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Missouri to sue feds over drug program
Attorney General Jay Nixon said the state stands to lose $400 million over the next five years.
COLUMBIA, Mo. -- A new federal program designed to provide more seniors with affordable prescription drugs is instead a costly and illegal drain on the state treasury, Missouri's attorney general said Monday in announcing plans to sue the federal government.
Missouri stands to lose $400 million over the next five years, said Attorney General Jay Nixon, including an estimated $20 million it must pay to Washington later this month.
Missouri joins California as states that plan to challenge the costs of the new Medicare Part D program, which began Jan. 1. Kentucky and Texas may also join the fray, Nixon said.
"Not only has this federal plan left many Missouri seniors without needed medication and with questions, it's saddled Missouri taxpayers with hundreds of millions of dollars in additional costs," Nixon said.
Implementing the new program has been a logistical ordeal, with tens of thousands of elderly subscribers nationwide unable to obtain medicine promised by the government. As a result, about two dozen states, including Missouri, have intervened to cover the costs of discounted drugs.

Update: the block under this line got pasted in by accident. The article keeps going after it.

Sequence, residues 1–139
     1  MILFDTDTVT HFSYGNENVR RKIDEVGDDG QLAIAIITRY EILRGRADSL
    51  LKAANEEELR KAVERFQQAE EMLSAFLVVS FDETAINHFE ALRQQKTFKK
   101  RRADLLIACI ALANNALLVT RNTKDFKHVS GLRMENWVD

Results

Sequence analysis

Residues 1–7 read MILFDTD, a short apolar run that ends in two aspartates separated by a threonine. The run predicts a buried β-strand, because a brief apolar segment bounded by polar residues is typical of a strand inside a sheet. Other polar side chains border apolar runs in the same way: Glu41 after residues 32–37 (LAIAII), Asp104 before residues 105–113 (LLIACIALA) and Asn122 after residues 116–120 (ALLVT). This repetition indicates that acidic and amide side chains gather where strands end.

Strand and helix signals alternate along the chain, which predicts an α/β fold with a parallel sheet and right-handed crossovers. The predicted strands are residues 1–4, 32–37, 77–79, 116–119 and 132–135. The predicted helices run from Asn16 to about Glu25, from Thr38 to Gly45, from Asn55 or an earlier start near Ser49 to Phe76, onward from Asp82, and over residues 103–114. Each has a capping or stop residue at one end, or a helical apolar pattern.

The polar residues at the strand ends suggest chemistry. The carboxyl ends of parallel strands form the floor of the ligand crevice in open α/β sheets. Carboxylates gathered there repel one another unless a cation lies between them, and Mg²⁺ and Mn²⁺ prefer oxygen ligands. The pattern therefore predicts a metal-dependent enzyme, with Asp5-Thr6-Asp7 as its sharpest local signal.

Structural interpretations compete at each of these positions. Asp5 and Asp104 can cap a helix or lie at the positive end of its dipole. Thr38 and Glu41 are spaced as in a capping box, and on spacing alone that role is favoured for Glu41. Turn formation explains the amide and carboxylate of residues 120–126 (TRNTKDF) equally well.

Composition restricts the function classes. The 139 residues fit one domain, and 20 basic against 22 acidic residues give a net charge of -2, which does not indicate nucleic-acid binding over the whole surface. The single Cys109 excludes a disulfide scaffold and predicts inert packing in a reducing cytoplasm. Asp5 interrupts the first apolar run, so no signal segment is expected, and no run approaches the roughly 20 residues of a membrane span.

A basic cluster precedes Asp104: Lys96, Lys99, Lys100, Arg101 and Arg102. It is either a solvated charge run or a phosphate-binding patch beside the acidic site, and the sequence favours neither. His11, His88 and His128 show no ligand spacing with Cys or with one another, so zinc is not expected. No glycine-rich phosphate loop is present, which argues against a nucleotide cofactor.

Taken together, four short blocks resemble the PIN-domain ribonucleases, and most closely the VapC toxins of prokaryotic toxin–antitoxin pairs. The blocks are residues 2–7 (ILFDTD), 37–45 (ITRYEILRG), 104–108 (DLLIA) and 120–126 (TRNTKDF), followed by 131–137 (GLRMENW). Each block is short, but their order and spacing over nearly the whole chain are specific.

Many of those caught in the bind are seniors and people with disabilities who previously received reduced-cost drugs through Medicaid, the federal health-care plan for the poor. Without their knowledge, the new program assigned a large number of so-called "dual eligibles" to Medicare.
Maneuvering through the new rules has been "a nightmare" not only for drug recipients but also for pharmacists, said Steve Hollis, manager of community services for the Boone County health department.
Nixon called the requirement that states funnel savings from Medicare Part D back to the federal government one that "infringes on state sovereignty" and requires states to pay a tax to the federal government.
He was joined Monday by state Rep. Judy Baker, D-Columbia, a member of the House Senior Citizen Advocacy Committee.
"Some might say this is the same thing Boston tea parties are made of," Baker said.
The Democratic attorney general, who intends to oppose Republican Gov. Matt Blunt in 2008, emphasized the bipartisan concern among states.
California, Kentucky and Texas are led by Republican governors, with California and Kentucky having Democratic attorney generals.
"We expect other states to follow," said Nixon.
The lawsuit will be filed directly with the U.S. Supreme Court in the coming weeks, Nixon said.